ARTICLE IN BRIEF
Revised classifications of seizures and epilepsies released in March by the International League Against Epilepsy include clearer terms that will help patients better communicate with doctors and doctors better communicate with each other, experts say.
In an effort to make diagnosis and classification of seizures more accurate for both physicians and patients, the International League Against Epilepsy (ILAE) has revised its classifications of seizures and of epilepsy disorders for the first time since 1981.
The new classifications, published in two papers in the March 9 Epilepsia, include new seizure types not described in the previous ILAE classifications; enable classification of a seizure even if the onset is unobserved and/or unknown; and adopt more transparent terms, replacing those that were confusing to patients and non-epilepsy specialists, such as “complex partial” or “psychic” seizures.
“Although the previous classifications were familiar to a lot of doctors, they had certain problems that were worth fixing,” said Robert S. Fisher, MD, PhD, FAAN, the Maslah Saul Professor of Neurology at Stanford University and director of the Stanford University Epilepsy Center, who led the task force that drove the formation of the revised seizure classifications. “If you woke up and saw someone shaking in bed and we could tell exactly what kind of seizure it was, you still couldn't officially call it a type if you missed the beginning. And some terms were opaque, even for many doctors. As a result, seizures were often getting misnamed. So we tried to make terms more transparent to patients and specialists.”
The revision maintained the fundamental division of seizures into focal onset (those that involve circuits in just one hemisphere of the brain) and general onset (those that involve both hemispheres), Dr. Fisher said.
The classifications of focal seizure types include the option to specify the patient's level of awareness in simpler terms (as “aware” or “impaired awareness,” replacing the terms “simple partial” and “complex partial,” respectively). Focal seizures can also specify motor function (as “motor” or “non-motor”). [For more information on the updated classifications, see [“The ILAE's Updated Classifications of Seizures and Epilepsies.”]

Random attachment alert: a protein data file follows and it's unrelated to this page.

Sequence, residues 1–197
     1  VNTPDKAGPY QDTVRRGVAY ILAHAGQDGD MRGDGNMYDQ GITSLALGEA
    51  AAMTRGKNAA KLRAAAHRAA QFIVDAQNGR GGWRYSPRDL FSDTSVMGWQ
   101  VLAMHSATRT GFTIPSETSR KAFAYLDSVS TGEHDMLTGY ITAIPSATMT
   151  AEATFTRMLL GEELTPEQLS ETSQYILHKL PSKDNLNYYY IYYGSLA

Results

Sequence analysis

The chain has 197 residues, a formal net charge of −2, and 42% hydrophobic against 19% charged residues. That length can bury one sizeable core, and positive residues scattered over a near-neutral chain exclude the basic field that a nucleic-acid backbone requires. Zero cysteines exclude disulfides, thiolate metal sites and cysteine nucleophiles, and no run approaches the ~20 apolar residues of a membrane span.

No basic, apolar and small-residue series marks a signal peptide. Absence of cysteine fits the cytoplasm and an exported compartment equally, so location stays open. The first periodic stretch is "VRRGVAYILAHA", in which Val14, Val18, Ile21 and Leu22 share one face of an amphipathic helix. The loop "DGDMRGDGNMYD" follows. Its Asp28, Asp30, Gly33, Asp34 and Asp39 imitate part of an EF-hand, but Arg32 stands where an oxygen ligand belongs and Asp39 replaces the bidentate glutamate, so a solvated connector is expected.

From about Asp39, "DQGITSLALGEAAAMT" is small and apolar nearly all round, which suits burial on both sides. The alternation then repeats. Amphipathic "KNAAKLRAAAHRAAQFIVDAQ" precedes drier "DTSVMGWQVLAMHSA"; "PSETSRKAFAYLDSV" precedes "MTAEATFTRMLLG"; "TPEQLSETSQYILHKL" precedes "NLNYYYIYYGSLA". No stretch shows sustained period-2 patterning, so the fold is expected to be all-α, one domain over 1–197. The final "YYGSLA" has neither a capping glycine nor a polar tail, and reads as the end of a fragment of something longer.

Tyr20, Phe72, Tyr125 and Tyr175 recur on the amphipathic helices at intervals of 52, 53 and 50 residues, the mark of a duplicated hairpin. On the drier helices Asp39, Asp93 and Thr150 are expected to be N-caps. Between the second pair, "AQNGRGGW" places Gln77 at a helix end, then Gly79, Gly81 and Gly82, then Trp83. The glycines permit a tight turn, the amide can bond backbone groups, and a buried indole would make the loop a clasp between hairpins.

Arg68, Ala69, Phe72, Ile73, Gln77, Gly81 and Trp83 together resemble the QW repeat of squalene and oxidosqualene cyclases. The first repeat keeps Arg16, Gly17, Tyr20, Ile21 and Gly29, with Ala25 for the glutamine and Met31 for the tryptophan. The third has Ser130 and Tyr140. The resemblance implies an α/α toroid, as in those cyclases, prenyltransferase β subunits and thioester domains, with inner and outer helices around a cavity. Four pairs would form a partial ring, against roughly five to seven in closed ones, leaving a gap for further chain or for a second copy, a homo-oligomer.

The transparency of seizure terminology was one of the task force's primary goals in revising the classifications, said Jacqueline A. French, MD, FAAN, professor of neurology at New York University Comprehensive Epilepsy Center, who was a coauthor on both papers.
“The terms that epileptologists use for seizures really don't make a lot of sense; they don't have a lot of face validity,” Dr. French said. “So if I as a doctor say to you, ‘You have complex partial seizures,’ you can't get anything out of that. You have no idea what that means; it doesn't convey any information. And similarly, if you're a gastroenterologist, if you have a patient who comes in and he says, ‘I have complex partial seizures,’ that term itself doesn't convey information.
“We wanted to revise the classifications so if you say, I have focal seizures with impaired awareness, the meaning is pretty clear. It means the seizure comes from a focus – a specific part of the brain – and impaired awareness means what it sounds like. We believed the terms should mean something to patients and other doctors.”